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By Doug Hall Want to grow faster? Then give yourself some choices. A new study by my team at Eureka! Ranch found that companies with more choices for growth made smarter decisions—and ultimately grew 5.8 times faster—than those with fewer options.
We studied 96 small and medium-size businesses, dividing them into three groups based on the number of fresh ideas they were considering to invigorate marketing programs, attract new customers, tackle untried markets, or create improved services. The companies with the fewest choices saw an average growth rate of 4.5% over three years. Those with the most choices grew, on average, 26%.
Fast growth was just the start. The companies with a wider array of choices also had higher profit margins, and their employees were more optimistic about the future. My guess is that companies that are full of ideas are also more fun to work at—and a ton more fun to own and lead.
Our study reminded me of a consulting project I did for a client that was coming off three disastrous product launches. This particular company was one of my corporate clients, but it's easy to see how small businesses can fall into the same trap. The three products, in three different divisions, had achieved 55%, 72%, and 67% of their budgeted sales objectives. "I don't want names to place blame," the CEO told me. "I just want to know why we're failing so badly."
It turned out that each of the projects' leaders knew that they would fall short before they went ahead. So why didn't any of them speak up? In all three cases, the answer was the same: Each leader explained to me that, at the time, it was the only idea on the table, and going ahead seemed better than not doing anything.
In each case, division managers had followed company protocol and focused all their energy on developing and delivering one thing. Each initiative contained flaws. But because it was the One Idea, it was pushed forward. If there had been other ideas to consider, then another, more promising initiative could have been given the go-ahead. Or with a little time, it's possible that the fatal flaws in these ideas might have been fixed, and the launches might very well have succeeded.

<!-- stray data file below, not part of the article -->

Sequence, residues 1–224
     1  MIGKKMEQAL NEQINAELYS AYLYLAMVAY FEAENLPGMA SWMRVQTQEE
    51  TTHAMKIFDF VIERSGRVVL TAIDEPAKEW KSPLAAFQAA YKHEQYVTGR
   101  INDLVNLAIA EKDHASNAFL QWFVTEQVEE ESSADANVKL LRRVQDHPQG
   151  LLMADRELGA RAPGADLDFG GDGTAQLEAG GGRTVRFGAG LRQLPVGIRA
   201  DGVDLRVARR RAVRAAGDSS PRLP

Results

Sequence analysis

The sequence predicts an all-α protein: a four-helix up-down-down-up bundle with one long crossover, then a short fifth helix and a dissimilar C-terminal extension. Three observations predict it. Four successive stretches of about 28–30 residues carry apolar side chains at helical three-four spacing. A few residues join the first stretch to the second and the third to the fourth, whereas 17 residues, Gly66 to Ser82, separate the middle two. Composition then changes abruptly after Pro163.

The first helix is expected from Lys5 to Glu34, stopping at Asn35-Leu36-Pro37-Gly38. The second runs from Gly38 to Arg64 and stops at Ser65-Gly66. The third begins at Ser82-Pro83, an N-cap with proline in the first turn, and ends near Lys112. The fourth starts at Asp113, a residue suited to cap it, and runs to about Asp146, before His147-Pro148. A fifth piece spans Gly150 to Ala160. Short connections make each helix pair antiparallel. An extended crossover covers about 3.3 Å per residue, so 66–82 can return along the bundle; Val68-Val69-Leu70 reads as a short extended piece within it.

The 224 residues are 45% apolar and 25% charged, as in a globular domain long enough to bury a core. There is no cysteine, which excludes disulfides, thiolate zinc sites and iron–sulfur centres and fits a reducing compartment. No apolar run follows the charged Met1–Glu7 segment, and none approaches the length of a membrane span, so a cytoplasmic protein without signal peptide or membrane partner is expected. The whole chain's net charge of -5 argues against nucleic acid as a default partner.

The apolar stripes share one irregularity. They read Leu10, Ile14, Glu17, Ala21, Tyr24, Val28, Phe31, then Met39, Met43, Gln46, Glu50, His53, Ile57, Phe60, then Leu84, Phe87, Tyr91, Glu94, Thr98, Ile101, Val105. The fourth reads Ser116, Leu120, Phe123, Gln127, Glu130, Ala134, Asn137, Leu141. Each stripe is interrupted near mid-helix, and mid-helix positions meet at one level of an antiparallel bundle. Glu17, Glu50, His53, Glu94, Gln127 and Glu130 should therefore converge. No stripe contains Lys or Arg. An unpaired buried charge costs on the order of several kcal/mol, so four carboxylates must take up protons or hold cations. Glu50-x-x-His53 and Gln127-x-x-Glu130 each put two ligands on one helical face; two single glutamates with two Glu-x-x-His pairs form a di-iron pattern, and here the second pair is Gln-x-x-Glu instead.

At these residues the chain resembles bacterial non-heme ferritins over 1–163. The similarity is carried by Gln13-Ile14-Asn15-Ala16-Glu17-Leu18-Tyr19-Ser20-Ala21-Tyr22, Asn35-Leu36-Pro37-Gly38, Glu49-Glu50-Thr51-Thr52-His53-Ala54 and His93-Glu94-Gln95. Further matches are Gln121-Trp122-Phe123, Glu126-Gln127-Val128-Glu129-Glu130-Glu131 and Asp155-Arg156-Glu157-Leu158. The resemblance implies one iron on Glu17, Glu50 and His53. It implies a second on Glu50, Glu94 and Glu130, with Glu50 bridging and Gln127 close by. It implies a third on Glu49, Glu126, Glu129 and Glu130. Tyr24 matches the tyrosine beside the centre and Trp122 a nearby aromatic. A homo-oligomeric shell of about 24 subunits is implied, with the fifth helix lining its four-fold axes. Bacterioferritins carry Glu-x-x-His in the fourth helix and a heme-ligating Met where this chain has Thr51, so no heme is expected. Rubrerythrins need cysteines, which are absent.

The loss of potential sales was the least of the negative impacts. With three failures, employee morale plummeted and a chain reaction of negativity set in. The CEO reported my findings and implemented some new policies designed to reduce failure rates. Sadly, at the time I did not fully understand the power of simply having more choices for growth.
The result was that instead of thinking up bold ideas, managers focused on short-term tweaks that felt safe. But safe loses when it comes to innovation. In the end, the company was acquired.
The lesson is to push yourself and your team to come up with more. Challenge every member of your team—every week—to come up with one new idea for a new marketing message, product, or service, or simply a new idea for improving company efficiency. Not all the ideas will work. In fact, most won't. But the more choices you have, the smarter decisions you'll make, and the faster your company will grow. Doug Hall is the author of the Jump Start Your Business Brain book series. He's also founder and CEO of Eureka! Ranch.